Of course that is not to say that no one should ever be offered a lift – a few years back my wife picked up a frum man who was being pursued by a group of shachorim.
My opinion on this is not halacha-based at all, but rather on keeping onseself safe – you may want to ask your parents their thoughts, rather than a rav.November 26, 2008 12:43 am at 12:43 am #1161760
Thank you for your concern I can only try, I do not pick up men only ladies or girls, but I guess maybe I should ask my parent what they think of it… It’s just so hard to just pass by these people waiting by the bus or just walking the streets in the cold…November 26, 2008 1:24 am at 1:24 am #1161761The Big OneParticipant
Has there been any discussion regarding the safety issue (or lack thereof) of having them on the road?November 26, 2008 7:51 pm at 7:51 pm #1161762havesomeseichelMember
THE BIG ONE- why is insurance for women cheaper then men? even teenage girls it is cheaper then for teenage boys (even those older then they are)??? maybe because they are safer drivers?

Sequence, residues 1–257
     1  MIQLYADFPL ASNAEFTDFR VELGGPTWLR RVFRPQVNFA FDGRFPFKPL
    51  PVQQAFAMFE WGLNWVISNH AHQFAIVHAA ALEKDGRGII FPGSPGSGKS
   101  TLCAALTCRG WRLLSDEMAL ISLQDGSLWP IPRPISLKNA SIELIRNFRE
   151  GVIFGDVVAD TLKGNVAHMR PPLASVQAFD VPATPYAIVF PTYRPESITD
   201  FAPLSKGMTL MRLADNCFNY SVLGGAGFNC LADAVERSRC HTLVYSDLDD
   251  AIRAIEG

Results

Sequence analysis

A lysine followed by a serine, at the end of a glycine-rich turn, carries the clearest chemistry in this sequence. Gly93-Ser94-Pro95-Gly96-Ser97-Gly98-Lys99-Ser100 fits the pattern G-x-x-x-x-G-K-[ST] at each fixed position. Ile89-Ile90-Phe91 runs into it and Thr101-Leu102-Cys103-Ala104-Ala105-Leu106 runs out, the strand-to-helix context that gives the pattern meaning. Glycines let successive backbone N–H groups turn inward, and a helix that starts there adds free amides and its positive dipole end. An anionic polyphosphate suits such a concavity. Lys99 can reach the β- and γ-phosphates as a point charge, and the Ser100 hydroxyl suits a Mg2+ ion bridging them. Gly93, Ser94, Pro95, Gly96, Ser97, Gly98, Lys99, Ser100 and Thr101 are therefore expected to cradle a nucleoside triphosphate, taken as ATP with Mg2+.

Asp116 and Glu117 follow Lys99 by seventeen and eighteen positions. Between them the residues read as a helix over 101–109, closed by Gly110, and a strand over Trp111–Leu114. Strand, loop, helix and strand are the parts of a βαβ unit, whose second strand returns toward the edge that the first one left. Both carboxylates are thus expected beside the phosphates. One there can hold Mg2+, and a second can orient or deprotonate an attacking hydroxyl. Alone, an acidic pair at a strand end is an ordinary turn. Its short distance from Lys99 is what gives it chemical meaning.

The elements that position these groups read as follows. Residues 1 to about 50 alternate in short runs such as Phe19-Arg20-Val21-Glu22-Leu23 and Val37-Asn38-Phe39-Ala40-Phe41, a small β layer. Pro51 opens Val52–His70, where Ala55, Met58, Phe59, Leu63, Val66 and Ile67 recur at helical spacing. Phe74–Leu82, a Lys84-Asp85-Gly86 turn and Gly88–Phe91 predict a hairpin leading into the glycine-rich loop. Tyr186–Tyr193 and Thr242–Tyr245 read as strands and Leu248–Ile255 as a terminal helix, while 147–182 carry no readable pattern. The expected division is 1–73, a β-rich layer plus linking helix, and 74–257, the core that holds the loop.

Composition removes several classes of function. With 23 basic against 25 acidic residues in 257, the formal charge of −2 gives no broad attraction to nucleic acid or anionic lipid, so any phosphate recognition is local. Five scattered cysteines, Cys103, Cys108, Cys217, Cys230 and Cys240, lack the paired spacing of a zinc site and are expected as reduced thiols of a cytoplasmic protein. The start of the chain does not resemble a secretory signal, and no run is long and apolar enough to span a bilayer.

How are people to get around if they live in an area without public transportation or where it is unsafe? Outside of NY, many frum people are forced to drive because they will not trust the bus. Also, hitching is so dangerous- dont put yourself in a sakana!! In some areas, frum people live so spread out that to get to high school they need to drive. What is better- going to public school and not driving or driving to a BY/Yeshiva?November 26, 2008 8:13 pm at 8:13 pm #1161763Mrs. BeautifulMember
I know someone that lives in BP and said she would not like to drive for tznius purposes. Then she got married and moved to a more rural neighborhood and so she made the decision that she will drive since now its not only out of convenience but more of a Necessity . so i giess a large part of the whole discussion is where u live.November 26, 2008 8:18 pm at 8:18 pm #1161764
she would not like to drive for tznius purposes.
Perhaps someone can explain this to me. Assuming, of course, you’re not driving some unusual, expensive or otherwise outlandish car, in what way is a woman not driving related to tznius? I just don’t get it.